Three weeks from today, I’ll be getting surgery on my left ear. I’m taking a week off from work, and Kevin is taking time off with me, which was very thoughtful of him to suggest. During that time, we plan to watch a season or two of “ER” and eat junk food, assuming I feel much like eating anything. He and Christina are going with me the day of, and it’s out-patient, so I don’t have to stay in the hospital overnight. I am very grateful they are willing to take the day to be with me. We are sooo getting a giant dinner the night before, since I can’t eat the day of.
When I wake up, I’ll find out whether the surgery has permanently damaged my hearing or not. My doctor, who I fully trust, keeps reminding me that this is mostly irrelevant, since my new hearing aids (which I will be picking up the week after next) should be able to accommodate either way.
This is all well and good for my doctor to say, but since I’ll be the one hearing or not hearing, I would hardly say it’s irrelevant. The prospect of being more dependent on hearing aids than I already am is a daunting one, and while I am very glad this surgery will keep this problem from killing me and all, I’d love to keep what diminished hearing I have left intact for as long as possible. But this makes me sound ungrateful, doesn’t it?
The silver lining is, if the surgery goes as planned, I may be able to have a second procedure done 6-12 months later where I’ll be fitted with some badass titanium inner ear parts which are supposed to improve my hearing. That’s the best case scenario, so I’m really holding on to that possibility.
I had a similar surgery, but the “old-fashioned” version, when I was 11 or 12. It was on my other (right) ear, which I’m practically deaf in, and avoid using whenever possible. There’s not really any way to know for sure, but it’s possible that surgery may have made my hearing as bad as it is on that side. It was always my worse ear, but my doctor now acknowledges that the surgery may have adversely affected it, which is common.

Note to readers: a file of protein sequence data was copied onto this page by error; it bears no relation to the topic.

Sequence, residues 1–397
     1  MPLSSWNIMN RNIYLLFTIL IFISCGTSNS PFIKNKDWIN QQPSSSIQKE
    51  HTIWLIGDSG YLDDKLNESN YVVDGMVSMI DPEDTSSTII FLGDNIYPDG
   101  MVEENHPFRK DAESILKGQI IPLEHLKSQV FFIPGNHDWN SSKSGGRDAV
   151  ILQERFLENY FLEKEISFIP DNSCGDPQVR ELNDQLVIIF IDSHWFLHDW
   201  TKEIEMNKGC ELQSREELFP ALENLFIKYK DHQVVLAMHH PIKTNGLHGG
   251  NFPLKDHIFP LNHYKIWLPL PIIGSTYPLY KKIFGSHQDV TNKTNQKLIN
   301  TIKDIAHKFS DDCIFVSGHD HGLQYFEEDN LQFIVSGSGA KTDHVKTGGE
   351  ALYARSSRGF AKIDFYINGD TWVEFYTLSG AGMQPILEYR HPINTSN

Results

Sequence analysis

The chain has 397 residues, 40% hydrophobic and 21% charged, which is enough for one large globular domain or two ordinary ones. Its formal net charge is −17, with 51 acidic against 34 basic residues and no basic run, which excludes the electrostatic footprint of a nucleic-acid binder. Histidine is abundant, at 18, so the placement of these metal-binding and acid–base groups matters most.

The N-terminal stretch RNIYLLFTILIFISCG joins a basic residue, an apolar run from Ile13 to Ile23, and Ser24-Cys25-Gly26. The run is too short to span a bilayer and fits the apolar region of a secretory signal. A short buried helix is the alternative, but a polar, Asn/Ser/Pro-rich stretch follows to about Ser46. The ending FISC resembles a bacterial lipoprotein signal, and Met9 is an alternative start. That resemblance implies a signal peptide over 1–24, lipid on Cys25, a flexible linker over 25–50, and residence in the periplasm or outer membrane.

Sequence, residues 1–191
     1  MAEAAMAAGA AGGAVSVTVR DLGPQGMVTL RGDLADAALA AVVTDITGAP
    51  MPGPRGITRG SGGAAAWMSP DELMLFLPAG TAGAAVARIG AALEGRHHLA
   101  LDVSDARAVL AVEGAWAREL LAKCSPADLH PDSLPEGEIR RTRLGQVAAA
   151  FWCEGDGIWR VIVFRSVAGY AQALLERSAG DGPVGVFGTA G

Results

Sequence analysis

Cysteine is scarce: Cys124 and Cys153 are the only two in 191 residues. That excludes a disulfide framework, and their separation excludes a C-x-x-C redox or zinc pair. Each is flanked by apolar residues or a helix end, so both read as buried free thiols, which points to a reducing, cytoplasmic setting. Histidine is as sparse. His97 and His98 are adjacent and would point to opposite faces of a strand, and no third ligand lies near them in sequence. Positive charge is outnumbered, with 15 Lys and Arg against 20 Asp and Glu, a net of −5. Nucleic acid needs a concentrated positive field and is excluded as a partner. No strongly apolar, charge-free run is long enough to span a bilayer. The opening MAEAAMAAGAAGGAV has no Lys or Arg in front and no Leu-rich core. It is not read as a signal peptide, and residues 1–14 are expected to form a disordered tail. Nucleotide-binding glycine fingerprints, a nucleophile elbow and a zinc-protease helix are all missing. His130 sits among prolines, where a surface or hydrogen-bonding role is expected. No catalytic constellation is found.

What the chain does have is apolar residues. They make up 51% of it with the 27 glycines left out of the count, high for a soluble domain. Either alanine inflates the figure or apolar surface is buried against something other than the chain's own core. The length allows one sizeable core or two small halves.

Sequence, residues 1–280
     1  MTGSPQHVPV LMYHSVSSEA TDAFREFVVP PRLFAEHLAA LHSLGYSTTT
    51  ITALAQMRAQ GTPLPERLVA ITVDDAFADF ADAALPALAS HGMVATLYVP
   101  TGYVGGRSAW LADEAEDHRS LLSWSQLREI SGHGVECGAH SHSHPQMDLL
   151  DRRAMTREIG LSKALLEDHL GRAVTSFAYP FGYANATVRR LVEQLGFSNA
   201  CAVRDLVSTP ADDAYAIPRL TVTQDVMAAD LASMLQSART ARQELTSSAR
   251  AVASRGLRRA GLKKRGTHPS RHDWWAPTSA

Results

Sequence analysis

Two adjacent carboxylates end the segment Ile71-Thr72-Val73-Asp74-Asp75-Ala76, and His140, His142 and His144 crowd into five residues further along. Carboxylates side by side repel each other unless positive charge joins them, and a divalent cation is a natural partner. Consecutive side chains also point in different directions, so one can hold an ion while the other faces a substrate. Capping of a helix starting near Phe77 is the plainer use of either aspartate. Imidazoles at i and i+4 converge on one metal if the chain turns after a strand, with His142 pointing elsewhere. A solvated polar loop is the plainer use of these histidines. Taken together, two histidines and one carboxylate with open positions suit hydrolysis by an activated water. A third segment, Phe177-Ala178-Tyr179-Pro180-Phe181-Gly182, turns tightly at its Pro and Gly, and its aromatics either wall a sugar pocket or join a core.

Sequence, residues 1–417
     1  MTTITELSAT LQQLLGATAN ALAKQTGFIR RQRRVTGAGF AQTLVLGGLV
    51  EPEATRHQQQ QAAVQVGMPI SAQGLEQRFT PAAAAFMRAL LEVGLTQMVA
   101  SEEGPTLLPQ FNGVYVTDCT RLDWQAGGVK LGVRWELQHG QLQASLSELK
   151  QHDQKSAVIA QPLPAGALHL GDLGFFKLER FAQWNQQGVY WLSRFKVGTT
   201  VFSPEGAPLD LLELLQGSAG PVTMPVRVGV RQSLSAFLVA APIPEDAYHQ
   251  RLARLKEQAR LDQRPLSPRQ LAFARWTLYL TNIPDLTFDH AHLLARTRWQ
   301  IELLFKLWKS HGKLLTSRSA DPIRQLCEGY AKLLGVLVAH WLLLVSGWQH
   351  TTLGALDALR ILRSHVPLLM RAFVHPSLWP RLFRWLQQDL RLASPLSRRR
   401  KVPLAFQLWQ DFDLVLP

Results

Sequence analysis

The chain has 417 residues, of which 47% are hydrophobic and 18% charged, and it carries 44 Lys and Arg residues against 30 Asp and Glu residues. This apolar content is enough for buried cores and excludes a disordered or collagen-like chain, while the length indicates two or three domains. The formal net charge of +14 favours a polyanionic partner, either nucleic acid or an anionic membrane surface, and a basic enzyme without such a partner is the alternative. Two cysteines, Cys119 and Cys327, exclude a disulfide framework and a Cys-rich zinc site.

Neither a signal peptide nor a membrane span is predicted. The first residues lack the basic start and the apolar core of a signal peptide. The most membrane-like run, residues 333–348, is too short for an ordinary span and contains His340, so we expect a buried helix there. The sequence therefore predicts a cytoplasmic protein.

On my left ear, I’ll be getting the “new” kind of surgery, which has less of a chance of diminishing my hearing. However, my doctor says there’s always the chance that once I’m unconscious and he gets all up in there, he may need to downgrade to the old-fashioned, potentially-damaging method. And with this method, there’s no possibility for those titanium ear bits to look forward to later.
I’ll have no idea which way it goes down until I wake up after the fact, when it’s too late to go back. That is going to be the thought that bothers me in these weeks leading up to it.
My family and friends have been extremely supportive in the last few months as I struggled to find out what’s been wrong with me, and in helping me through the process of getting my new hearing aids.
As a 25 (and almost 26)-year-old supposed adult, I still am unsure of what I want to be when I grow up. But the more I think about it, the more I want to do something to assist the hearing-impaired community. I don’t know whether this would be by working for a non-profit committed to deaf services or going to school to become an audiologist, but there’s a sense of urgency coming at me now with this idea. I am passionate about a lot of things — writing, editing video, helping others… but this seems to be what speaks to me loudest now.
THIS I can hear.
Until recent months, I rarely thought about my hearing loss because it so seldom seemed to me me to be a problem at all. My hearing aids, since I was a teenager, essentially took care of what I needed. Other than putting them in every morning and having to change the occasional battery in public, my life has been inconvenienced very little by what most would probably consider a handicap. It made me happy whenever people said, upon first noticing my hearing aids, that they had no idea I was hard of hearing. I was passing. Sure, I had trouble sometimes in crowded restaurants, but it was nothing like it is now, where I can barely follow a conversation in a crowded room. Now I feel disabled for the first time in years, and I have to say I am not a fan.
But this has opened my eyes to how lucky I am, and it’s a reminder that others are not nearly so lucky. I want to be there to help them in some capacity.
Kevin and I have been talking about taking sign language classes. I’ve always wanted to learn, but now I feel like doing so will in some way prepare me for whatever I choose to devote my future career to. I just have to figure out what career that’s going to be.